The following methods are acceptable:

• Varieties of observation, semi- and unstructured interviews, focus group.

• There may also be reference to ethnography, case studies, qualitative secondary data, and content analysis (semiology), all of which should also be credited.

One mark for the example plus one mark for development (2 x 2 marks).

(c) Explain why it might be impossible to study society in a value-free way. [8]

• Answers may consider a range of research methods, showing in each case how objectivity and freedom from bias/influence are difficult to achieve. • There may be consideration of values in relation to choice of research topic, of method and data. • It is not necessary to counter this view, i.e. by demonstrating that value-freedom is possible. 0–4 Lower in the band, a few simple points are likely to demonstrate a misunderstanding about what is meant by value-free or be in some other way marginal to the question.

Higher in the band, a basic account of why it might be difficult to study society objectively is likely to be given, without development or links to concepts or theoretical perspectives.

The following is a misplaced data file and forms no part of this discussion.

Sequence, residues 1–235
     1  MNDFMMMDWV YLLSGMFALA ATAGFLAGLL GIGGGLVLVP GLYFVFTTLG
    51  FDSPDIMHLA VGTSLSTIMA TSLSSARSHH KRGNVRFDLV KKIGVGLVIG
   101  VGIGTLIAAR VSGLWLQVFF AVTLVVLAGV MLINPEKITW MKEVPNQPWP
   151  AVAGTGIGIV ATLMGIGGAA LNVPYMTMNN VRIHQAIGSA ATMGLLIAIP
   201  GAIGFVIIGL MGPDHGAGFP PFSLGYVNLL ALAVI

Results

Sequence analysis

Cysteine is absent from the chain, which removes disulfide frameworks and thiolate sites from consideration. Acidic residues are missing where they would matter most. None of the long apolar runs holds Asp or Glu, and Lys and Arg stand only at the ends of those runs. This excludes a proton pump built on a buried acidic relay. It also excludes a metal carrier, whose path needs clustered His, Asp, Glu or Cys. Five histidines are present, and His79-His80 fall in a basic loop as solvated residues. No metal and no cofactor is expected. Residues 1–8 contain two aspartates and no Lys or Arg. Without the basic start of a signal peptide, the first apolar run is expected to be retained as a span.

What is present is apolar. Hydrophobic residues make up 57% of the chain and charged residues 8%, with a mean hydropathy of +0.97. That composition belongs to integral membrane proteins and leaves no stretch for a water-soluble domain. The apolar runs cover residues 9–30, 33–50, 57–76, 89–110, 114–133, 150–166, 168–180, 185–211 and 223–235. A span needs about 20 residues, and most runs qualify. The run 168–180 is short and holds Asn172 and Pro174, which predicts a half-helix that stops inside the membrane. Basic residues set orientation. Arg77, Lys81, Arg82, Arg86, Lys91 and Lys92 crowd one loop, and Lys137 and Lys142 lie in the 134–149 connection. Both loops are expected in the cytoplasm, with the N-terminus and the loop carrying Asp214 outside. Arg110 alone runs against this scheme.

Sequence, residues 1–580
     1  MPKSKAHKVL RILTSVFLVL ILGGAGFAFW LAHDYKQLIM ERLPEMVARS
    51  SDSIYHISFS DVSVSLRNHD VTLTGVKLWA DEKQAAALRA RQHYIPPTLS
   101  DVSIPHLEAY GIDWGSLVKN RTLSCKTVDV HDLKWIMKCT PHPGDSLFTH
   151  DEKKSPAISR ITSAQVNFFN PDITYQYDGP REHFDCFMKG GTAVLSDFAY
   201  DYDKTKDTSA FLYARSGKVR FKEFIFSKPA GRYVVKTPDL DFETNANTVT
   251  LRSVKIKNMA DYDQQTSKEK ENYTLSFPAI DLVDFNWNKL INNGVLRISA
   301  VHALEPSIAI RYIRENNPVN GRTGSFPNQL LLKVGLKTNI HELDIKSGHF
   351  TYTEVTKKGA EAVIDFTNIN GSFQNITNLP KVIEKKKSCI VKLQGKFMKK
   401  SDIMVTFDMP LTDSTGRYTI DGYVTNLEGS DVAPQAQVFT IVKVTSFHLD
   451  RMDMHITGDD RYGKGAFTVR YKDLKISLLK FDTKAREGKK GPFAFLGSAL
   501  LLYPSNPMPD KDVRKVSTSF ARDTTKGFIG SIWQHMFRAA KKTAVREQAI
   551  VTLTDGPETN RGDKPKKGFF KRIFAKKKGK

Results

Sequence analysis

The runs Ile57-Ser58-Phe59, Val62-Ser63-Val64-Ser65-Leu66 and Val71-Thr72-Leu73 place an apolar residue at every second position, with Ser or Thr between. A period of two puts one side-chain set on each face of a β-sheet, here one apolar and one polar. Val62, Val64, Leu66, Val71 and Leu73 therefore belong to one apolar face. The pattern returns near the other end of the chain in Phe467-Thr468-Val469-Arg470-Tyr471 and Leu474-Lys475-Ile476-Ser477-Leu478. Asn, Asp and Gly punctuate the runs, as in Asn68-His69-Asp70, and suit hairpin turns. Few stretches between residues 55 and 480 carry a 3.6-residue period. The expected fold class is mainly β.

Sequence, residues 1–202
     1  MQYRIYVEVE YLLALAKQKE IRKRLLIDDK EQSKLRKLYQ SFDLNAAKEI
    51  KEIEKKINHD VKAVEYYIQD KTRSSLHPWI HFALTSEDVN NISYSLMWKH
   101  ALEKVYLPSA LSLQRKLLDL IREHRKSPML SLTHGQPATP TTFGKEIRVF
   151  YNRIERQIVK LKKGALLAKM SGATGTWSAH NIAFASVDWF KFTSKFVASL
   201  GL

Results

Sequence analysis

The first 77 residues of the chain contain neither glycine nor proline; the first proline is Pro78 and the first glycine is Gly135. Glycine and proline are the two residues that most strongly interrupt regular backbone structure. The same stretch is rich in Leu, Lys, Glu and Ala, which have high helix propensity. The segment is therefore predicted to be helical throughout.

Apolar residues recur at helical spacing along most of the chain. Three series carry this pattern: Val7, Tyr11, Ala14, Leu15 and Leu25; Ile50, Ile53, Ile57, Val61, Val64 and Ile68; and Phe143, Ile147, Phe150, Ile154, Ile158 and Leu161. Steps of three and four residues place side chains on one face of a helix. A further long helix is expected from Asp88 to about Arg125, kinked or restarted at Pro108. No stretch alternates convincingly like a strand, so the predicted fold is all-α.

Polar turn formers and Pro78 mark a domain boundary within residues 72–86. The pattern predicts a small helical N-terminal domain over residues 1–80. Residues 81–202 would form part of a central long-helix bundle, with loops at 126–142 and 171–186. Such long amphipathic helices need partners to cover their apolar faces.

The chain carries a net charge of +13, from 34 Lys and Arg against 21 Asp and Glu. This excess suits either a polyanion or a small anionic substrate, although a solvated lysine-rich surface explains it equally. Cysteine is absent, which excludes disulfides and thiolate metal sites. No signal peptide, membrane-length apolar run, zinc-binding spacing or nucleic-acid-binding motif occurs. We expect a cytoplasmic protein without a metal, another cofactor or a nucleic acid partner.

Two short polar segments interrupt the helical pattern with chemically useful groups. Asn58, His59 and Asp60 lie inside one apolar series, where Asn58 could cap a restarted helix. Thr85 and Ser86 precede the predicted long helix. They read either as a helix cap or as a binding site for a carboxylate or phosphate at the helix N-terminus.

5–8 Lower in the band, there is likely to be a sound account of the reasons why it might not be possible to study society in a value-free way.

Higher in the band, there will be clear and accurate links to theoretical perspectives and the interpretivist position in particular.

A good list of undeveloped points may gain up to six marks. To go higher, there needs to be development of three or more points.

N.B. This question asks candidates to ‘explain’, therefore there is no requirement for assessment.

(d) Assess the interpretivist view that it is inappropriate to use scientific methods for the study of human behaviour. [11]